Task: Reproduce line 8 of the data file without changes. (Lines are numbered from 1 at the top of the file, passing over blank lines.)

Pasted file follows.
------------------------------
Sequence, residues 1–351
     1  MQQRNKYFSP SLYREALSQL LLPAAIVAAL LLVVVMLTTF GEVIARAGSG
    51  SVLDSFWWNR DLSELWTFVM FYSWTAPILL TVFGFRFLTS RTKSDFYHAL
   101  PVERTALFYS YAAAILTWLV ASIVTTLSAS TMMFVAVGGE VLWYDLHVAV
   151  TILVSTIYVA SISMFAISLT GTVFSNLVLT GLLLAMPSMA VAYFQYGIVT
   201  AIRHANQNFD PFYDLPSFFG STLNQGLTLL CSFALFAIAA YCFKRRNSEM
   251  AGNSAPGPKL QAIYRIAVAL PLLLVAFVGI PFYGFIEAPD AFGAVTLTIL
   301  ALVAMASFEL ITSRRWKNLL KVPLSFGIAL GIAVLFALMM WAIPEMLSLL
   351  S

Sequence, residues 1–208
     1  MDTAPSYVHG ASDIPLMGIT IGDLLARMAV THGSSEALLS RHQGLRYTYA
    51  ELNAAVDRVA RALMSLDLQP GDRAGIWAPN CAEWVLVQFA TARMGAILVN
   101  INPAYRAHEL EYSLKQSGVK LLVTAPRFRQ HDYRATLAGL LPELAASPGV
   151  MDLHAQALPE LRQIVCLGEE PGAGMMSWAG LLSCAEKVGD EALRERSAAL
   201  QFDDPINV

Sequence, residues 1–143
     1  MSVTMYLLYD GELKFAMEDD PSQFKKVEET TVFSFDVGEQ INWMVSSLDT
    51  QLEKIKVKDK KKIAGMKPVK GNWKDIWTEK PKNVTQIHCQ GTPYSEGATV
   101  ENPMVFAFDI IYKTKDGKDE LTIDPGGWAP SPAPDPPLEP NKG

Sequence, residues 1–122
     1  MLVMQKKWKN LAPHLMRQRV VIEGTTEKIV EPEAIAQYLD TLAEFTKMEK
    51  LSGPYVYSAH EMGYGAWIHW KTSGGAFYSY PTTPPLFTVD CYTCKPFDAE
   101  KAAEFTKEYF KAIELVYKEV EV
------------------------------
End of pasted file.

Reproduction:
   301  ALVAMASFEL ITSRRWKNLL KVPLSFGIAL GIAVLFALMM WAIPEMLSLL